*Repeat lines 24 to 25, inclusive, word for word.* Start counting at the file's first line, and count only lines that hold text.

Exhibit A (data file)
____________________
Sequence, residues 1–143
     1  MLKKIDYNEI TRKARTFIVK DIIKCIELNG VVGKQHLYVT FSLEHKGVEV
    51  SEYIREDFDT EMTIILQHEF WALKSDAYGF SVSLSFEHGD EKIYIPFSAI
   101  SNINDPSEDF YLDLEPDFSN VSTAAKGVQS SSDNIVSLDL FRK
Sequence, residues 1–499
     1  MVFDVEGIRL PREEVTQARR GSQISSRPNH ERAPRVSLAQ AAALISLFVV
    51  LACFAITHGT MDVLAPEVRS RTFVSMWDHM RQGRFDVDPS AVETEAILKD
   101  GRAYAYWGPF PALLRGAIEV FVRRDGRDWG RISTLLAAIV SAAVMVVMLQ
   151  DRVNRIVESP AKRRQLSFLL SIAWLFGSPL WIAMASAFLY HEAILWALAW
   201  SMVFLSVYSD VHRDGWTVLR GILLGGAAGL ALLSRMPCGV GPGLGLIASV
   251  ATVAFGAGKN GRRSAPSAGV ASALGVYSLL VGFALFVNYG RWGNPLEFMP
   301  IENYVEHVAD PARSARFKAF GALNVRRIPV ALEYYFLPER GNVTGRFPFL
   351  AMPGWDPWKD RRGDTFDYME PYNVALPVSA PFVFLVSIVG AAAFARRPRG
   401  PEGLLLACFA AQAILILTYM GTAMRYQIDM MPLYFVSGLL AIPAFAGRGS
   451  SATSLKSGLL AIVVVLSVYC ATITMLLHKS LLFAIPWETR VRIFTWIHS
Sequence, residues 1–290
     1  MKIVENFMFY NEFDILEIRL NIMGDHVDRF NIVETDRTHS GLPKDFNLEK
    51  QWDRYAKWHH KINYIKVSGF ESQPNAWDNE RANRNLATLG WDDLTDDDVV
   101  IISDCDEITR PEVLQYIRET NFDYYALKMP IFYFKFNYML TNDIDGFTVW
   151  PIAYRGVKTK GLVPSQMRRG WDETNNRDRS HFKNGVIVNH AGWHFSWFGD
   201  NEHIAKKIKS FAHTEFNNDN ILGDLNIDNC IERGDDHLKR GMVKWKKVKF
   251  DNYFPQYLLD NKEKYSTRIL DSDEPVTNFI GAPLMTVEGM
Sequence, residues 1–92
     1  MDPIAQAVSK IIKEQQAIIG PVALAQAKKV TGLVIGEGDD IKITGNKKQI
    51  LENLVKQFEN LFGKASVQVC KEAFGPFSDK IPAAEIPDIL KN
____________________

     1  MDPIAQAVSK IIKEQQAIIG PVALAQAKKV TGLVIGEGDD IKITGNKKQI
    51  LENLVKQFEN LFGKASVQVC KEAFGPFSDK IPAAEIPDIL KN